Over the last few months George Osborne, the British Chancellor, has been announcing an economic recovery.  For many this is viewed as a sign that we are finally seeing growth in the economy and therefore reducing our national debt.

It is of course a lie, for the Chancellor’s announcements simply means that the amount the Government needs to borrow next year will be slightly less than this year.  Regardless of how you may perceive this the truth is that Britain’s debt continues to grow and therefore it is most unlikely we will ever see an end to the austerity measures imposed upon us.

In 2013 alone we have witnessed a number of well-known high street retailers, such as Comet, go into administration.  The number of large retailers who have gone bust this year is nothing compared to the small independents who have been failing by the thousands.

As retailing collapses, this in turn creates growing unemployment and so the Government has been pushing the banks to lend more money to help save them; despite the financial risk to the banks.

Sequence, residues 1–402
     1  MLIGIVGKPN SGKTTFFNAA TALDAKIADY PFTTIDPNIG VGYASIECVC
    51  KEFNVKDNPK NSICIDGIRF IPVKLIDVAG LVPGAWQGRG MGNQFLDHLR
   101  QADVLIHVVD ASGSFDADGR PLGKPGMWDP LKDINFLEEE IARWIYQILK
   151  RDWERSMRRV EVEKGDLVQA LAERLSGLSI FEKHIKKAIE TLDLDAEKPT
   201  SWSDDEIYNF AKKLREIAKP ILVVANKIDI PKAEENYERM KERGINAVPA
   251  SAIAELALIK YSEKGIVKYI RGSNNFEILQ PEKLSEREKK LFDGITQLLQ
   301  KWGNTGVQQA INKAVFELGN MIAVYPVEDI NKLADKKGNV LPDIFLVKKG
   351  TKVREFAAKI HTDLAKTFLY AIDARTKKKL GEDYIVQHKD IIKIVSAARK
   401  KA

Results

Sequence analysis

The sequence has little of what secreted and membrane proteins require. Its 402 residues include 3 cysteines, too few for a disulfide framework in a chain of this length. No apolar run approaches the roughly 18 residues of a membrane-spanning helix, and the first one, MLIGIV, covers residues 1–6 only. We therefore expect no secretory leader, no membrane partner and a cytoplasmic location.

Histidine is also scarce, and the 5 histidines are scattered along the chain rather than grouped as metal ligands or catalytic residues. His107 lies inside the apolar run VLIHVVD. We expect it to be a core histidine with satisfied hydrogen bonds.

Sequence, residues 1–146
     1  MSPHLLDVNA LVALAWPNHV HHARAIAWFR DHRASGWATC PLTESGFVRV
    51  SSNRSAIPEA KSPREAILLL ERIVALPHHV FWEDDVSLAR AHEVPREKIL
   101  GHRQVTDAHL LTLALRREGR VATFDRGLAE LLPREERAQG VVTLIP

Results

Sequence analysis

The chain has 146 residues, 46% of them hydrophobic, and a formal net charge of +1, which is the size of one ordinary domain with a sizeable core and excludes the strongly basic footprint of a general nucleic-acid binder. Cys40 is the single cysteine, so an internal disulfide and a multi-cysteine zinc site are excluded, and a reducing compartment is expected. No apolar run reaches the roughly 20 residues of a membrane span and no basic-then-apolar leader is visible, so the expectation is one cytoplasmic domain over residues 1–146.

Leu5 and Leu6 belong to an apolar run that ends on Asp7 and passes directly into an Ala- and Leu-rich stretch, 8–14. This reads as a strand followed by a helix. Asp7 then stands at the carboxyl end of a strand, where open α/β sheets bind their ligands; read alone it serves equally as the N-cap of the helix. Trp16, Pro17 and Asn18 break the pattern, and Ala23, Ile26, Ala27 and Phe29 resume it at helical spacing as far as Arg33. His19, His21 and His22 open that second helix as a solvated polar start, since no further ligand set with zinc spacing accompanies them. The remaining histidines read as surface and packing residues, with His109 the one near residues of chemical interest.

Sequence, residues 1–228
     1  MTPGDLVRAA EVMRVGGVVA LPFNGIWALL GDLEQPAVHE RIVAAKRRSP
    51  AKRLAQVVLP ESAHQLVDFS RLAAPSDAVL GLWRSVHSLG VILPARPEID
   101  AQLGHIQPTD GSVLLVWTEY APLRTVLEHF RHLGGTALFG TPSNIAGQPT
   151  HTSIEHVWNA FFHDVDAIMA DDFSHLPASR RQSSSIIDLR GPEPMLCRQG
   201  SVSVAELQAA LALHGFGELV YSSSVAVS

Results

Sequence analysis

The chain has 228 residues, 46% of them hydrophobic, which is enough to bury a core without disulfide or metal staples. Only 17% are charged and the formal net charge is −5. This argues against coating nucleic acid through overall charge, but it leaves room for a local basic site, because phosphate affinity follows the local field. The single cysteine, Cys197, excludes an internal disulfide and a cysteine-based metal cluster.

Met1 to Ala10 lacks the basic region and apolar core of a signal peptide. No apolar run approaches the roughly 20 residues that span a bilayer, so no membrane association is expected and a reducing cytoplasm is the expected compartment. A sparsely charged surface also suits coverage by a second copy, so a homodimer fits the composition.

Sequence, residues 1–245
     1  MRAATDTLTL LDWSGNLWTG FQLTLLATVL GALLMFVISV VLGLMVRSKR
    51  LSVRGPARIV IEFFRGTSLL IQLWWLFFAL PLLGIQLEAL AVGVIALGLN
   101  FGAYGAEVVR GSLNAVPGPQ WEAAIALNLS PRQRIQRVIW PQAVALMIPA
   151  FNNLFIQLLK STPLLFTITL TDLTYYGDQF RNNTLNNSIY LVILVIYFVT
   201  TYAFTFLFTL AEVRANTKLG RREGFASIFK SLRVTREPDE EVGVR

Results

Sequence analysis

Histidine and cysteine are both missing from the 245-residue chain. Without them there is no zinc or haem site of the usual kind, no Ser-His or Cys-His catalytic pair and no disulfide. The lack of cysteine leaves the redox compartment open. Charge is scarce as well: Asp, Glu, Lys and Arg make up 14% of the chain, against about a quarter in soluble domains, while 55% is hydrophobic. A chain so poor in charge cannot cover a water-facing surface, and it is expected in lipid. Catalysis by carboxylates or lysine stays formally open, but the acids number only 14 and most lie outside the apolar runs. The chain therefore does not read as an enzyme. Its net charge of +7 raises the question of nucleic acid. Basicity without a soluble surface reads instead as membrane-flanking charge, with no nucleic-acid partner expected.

Who really cares about the banks anyway, after all they were the ones who started all the problems to begin with?

As in 2008 if the banks went bust again the Government would have to bail them out as the banks hold far too much Government debt and without the banks the Government would have nowhere to borrow – no loans, no economy; it’s as simple as that.

Tis this season to be … well plunged into more debt.  The Chancellor’s message some two months ago, in which he announced economic recovery, was little more than a ploy to increase consumer confidence so that they would hit the high streets this Christmas and spend.